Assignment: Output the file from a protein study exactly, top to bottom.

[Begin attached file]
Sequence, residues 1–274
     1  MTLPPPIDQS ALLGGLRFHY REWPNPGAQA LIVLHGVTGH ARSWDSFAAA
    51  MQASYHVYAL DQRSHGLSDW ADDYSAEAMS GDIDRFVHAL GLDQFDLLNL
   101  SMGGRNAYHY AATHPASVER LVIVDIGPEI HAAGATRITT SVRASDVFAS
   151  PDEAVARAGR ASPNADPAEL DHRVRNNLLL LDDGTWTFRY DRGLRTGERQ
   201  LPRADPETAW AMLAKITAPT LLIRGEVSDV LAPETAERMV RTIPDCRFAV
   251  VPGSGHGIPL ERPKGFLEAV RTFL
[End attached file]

Sequence, residues 1–274
     1  MTLPPPIDQS ALLGGLRFHY REWPNPGAQA LIVLHGVTGH ARSWDSFAAA
    51  MQASYHVYAL DQRSHGLSDW ADDYSAEAMS GDIDRFVHAL GLDQFDLLNL
   101  SMGGRNAYHY AATHPASVER LVIVDIGPEI HAAGATRITT SVRASDVFAS
   151  PDEAVARAGR ASPNADPAEL DHRVRNNLLL LDDGTWTFRY DRGLRTGERQ
   201  LPRADPETAW AMLAKITAPT LLIRGEVSDV LAPETAERMV RTIPDCRFAV
   251  VPGSGHGIPL ERPKGFLEAV RTFL